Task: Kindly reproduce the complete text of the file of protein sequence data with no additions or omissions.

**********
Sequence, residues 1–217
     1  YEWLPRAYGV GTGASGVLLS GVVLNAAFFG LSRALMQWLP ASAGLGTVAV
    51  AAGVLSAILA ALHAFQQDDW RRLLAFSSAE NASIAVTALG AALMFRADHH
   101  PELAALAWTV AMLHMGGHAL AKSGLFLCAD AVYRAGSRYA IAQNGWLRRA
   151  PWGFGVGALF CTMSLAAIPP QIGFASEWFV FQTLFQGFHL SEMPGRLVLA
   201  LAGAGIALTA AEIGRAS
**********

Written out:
Sequence, residues 1–217
     1  YEWLPRAYGV GTGASGVLLS GVVLNAAFFG LSRALMQWLP ASAGLGTVAV
    51  AAGVLSAILA ALHAFQQDDW RRLLAFSSAE NASIAVTALG AALMFRADHH
   101  PELAALAWTV AMLHMGGHAL AKSGLFLCAD AVYRAGSRYA IAQNGWLRRA
   151  PWGFGVGALF CTMSLAAIPP QIGFASEWFV FQTLFQGFHL SEMPGRLVLA
   201  LAGAGIALTA AEIGRAS